One university student's conflicting relationship with technology and social media

April Xiaoyi Xu |

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I recently came across some research which shows that we millennials literally “love” our phones, and react in the same way to the devices as we would if we saw a loved one. This was a creepy lesson for me.

I am 22, but I consider myself much less addicted to my phone than my peers. For one thing, I rarely use social media, if at all. Still, when I am supposed to be deeply immersed in my casebooks at the law library, I feel a constant urge to pull out my phone so that I can catch up on emails, or check my iCal for appointments.

My addiction to my phone can be justified in a way: I’m a compulsive planner who is constantly thinking about what’s coming up next. What’s more, when certain events, such as lunches with a particularly sought-after professor or alum, have limited slots, email invites require an almost instant response.

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One of my professors has a reputation for using a typewriter and never responding to emails. His habits have challenged me to think about the “good old days” when people did not have the latest technology at their fingertips. The way students interacted with teachers and each other must have been quite different then, and this makes me feel oddly nostalgic about my pre-smartphone days sometimes.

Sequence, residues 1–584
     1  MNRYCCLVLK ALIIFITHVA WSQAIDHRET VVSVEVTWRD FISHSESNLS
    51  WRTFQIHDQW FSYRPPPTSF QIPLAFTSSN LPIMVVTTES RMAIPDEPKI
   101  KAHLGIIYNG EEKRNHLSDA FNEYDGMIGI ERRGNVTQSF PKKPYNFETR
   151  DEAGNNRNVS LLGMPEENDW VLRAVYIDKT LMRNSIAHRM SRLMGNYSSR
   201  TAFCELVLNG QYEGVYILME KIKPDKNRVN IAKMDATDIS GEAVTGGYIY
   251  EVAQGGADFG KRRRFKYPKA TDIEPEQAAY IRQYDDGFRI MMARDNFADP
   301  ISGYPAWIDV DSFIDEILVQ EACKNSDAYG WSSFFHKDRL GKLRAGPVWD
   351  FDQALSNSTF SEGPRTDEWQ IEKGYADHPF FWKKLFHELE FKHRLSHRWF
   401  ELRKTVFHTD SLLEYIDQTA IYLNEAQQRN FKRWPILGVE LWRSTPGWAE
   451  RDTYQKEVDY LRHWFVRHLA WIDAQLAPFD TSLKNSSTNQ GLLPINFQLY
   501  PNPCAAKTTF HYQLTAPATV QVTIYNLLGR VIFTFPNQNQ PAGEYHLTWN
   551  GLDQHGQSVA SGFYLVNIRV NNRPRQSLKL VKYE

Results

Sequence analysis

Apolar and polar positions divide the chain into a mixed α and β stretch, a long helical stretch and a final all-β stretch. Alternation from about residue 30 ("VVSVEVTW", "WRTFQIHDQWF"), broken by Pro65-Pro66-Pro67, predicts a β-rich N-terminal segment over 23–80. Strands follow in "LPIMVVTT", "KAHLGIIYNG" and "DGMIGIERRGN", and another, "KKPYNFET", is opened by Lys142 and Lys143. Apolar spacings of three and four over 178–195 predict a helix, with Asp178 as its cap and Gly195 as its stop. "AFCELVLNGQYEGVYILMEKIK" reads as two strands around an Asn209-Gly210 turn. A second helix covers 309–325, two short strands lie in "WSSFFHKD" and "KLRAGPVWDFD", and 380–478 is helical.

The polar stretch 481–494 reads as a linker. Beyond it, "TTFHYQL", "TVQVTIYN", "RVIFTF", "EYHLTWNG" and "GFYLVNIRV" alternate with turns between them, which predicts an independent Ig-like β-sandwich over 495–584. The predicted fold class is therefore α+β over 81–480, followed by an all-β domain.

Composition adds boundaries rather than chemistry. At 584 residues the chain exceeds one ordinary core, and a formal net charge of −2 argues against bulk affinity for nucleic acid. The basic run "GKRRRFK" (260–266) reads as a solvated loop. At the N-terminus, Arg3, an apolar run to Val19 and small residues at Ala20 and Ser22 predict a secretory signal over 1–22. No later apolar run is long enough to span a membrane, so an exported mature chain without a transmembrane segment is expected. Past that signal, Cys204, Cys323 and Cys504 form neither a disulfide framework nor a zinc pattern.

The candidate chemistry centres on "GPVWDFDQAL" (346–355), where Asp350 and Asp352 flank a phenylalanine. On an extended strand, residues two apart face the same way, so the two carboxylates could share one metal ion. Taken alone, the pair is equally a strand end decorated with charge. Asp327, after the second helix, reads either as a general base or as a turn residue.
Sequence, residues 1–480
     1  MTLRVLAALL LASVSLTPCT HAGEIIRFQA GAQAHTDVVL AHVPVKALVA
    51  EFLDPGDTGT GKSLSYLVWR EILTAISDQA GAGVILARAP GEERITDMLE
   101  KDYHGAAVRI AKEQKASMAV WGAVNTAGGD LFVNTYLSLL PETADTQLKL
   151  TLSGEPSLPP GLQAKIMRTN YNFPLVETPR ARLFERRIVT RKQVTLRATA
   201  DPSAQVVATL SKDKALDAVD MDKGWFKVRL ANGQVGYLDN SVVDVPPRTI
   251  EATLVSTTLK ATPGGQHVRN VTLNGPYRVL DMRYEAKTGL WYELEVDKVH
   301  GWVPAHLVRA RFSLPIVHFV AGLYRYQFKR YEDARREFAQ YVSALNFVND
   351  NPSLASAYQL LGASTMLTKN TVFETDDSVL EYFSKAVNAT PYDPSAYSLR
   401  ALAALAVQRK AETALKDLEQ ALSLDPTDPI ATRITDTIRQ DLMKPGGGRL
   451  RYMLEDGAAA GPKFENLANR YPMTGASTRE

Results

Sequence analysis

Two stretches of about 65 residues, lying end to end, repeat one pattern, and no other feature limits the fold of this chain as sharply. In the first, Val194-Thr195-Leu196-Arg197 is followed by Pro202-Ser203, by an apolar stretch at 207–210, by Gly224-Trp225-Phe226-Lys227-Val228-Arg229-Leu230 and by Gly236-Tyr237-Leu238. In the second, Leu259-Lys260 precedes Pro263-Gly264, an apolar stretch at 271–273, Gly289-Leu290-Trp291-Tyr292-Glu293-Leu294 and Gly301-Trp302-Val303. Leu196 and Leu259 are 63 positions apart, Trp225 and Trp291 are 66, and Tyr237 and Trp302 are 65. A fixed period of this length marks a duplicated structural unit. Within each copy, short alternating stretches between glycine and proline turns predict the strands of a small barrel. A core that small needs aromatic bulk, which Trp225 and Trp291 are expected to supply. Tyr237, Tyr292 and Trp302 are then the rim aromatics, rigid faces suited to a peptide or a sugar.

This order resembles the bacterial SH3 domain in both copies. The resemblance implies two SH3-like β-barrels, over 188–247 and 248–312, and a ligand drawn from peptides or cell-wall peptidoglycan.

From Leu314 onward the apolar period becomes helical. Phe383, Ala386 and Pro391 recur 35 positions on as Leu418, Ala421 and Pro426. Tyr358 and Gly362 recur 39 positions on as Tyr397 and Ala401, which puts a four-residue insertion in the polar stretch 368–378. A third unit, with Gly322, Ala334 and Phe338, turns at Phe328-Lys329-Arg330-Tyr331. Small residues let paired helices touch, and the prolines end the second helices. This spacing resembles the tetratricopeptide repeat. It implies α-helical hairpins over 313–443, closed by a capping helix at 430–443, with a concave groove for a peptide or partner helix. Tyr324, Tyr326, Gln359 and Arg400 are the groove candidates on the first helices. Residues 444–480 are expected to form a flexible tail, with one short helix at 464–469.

Meanwhile, I have mixed feelings about social media. On the one hand, Facebook functions such as Messenger and Events are one of the easiest ways to communicate with people without needing their phone numbers, and to keep up to date with campus events; I am all for these helpful functions.

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However, I am more sceptical about the whole “liking” business. Humans are social creatures who crave the acceptance of others. But online spaces aren’t always the kindest of places, and young people run the risk of increasing their feelings of self-doubt.

I am not advocating a radical backward change – but I do try to resist the temptation of living too much in the cyber-realm. I recommend others take some time off from their smartphones, even just for a little while.

Edited by Charlotte Ames-Ettridge